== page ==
Right, I’m right there with you. That’s awesome though that you’re just going through it and keeping on. So, in March you and JYNX were featured together on the Dirtybird Miami 2020 Compilation, that’s really epic. How did that all come together?

So, I got an email from JYNX to the Groovy Bone demo email back in like the fall of 2019 and he sent me a couple of tracks I really liked so I signed them. I was playing them out a bunch and everybody seemed to like them, and I was just like “Yo dude, I would love to make something with you.” So he sent me an idea that he had, it was about 30 seconds or whatever. He had this really dope synth, the main lead pluck and I loved that so I just kind of took that and ran. My favorite part of the track, which is like the wonky horn thing that I made, was a complete accident so the way that it all came together was really cool. We were originally not going to sign that to Dirtybird, well we hadn’t gotten asked by Dirtybird yet to sign it to them, we were going to sign it to another label NV’D Records. I literally sent it off to get mastered by NV’D and then as soon as I sent it off Dirtybird emailed me and I was like “Shit…Korey is going to hate me.” Korey owns NV’D. I hit him up like “Dude, Dirtybird just hit me up they want the track…” and he was like “Go for it.” He’s a good friend of mine and I was really appreciative that he wasn’t like “No, the track’s mine.” It was kind of one of those once in a lifetime things, where I’m like this is something that’s career-changing and I was happy that everything went so smoothly.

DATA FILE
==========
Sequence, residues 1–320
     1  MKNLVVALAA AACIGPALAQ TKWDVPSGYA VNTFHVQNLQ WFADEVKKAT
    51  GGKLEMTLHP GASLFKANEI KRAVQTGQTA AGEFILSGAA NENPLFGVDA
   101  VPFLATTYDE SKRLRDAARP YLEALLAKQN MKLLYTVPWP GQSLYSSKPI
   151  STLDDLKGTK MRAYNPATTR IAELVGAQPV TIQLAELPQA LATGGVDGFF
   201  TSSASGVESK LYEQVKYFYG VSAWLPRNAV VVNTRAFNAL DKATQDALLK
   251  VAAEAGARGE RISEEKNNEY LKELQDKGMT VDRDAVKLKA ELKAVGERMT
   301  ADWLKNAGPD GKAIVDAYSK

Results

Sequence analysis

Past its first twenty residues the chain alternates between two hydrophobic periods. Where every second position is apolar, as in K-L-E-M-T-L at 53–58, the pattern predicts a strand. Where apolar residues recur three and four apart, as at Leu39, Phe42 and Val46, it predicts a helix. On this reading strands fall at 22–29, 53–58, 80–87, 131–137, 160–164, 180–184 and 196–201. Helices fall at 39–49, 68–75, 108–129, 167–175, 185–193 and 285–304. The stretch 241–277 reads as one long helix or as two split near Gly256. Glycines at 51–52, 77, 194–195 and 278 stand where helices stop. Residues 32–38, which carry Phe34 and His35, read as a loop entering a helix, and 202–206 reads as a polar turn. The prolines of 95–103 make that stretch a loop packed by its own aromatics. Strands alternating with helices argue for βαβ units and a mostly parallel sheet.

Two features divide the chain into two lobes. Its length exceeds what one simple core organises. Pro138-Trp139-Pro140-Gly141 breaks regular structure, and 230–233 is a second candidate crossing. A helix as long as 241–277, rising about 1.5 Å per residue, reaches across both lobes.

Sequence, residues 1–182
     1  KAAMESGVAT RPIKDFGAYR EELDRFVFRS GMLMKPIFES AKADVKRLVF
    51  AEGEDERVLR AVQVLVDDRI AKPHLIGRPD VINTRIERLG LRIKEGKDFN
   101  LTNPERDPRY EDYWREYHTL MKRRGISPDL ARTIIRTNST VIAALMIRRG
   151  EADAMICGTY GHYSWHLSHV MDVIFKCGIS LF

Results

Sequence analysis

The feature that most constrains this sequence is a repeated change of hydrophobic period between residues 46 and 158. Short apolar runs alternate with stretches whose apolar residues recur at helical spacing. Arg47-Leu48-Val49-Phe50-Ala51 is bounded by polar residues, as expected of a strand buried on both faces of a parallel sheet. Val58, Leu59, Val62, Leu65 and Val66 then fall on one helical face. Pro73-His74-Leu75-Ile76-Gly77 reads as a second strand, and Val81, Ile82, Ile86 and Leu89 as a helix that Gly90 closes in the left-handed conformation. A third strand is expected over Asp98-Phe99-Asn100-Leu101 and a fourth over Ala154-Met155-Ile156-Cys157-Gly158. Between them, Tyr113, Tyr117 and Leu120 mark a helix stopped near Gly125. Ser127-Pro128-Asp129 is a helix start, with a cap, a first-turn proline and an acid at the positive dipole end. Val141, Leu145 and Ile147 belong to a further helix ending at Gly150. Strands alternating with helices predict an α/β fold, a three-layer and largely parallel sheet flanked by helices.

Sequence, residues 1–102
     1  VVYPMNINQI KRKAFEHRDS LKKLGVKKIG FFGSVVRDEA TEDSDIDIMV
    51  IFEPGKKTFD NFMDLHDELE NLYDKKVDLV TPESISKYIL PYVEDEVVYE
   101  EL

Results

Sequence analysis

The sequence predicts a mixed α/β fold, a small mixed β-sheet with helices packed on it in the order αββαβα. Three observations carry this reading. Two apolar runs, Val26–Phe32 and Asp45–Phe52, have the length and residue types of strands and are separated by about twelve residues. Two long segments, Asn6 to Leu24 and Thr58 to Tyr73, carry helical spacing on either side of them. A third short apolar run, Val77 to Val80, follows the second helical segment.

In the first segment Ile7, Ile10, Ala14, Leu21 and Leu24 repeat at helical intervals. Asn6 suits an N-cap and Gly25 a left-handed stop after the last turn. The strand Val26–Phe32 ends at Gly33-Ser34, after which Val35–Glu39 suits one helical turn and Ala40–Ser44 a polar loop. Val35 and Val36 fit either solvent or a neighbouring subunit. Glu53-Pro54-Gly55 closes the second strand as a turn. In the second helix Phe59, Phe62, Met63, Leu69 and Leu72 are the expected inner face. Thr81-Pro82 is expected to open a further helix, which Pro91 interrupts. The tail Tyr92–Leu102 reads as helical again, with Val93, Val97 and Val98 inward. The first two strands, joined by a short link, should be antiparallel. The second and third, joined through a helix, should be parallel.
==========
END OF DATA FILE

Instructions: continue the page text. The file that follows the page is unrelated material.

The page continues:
Definitely, have you had the opportunity to connect with or work with Claude VonStroke yet?

No, I wish! I was like waiting for him to maybe play our track or something but I don’t know maybe it’s a little too wonky for him. He signed it, I mean maybe he likes it I guess.

Groovy Bone, that’s the record label you started, correct?

Correct, yes.

You guys very recently put out Bones To Pick Volume 1, the first of a series, and it hit #1 on the Beatport top 100 Tech House releases. What was it like to watch all of that hard work be received with so much support?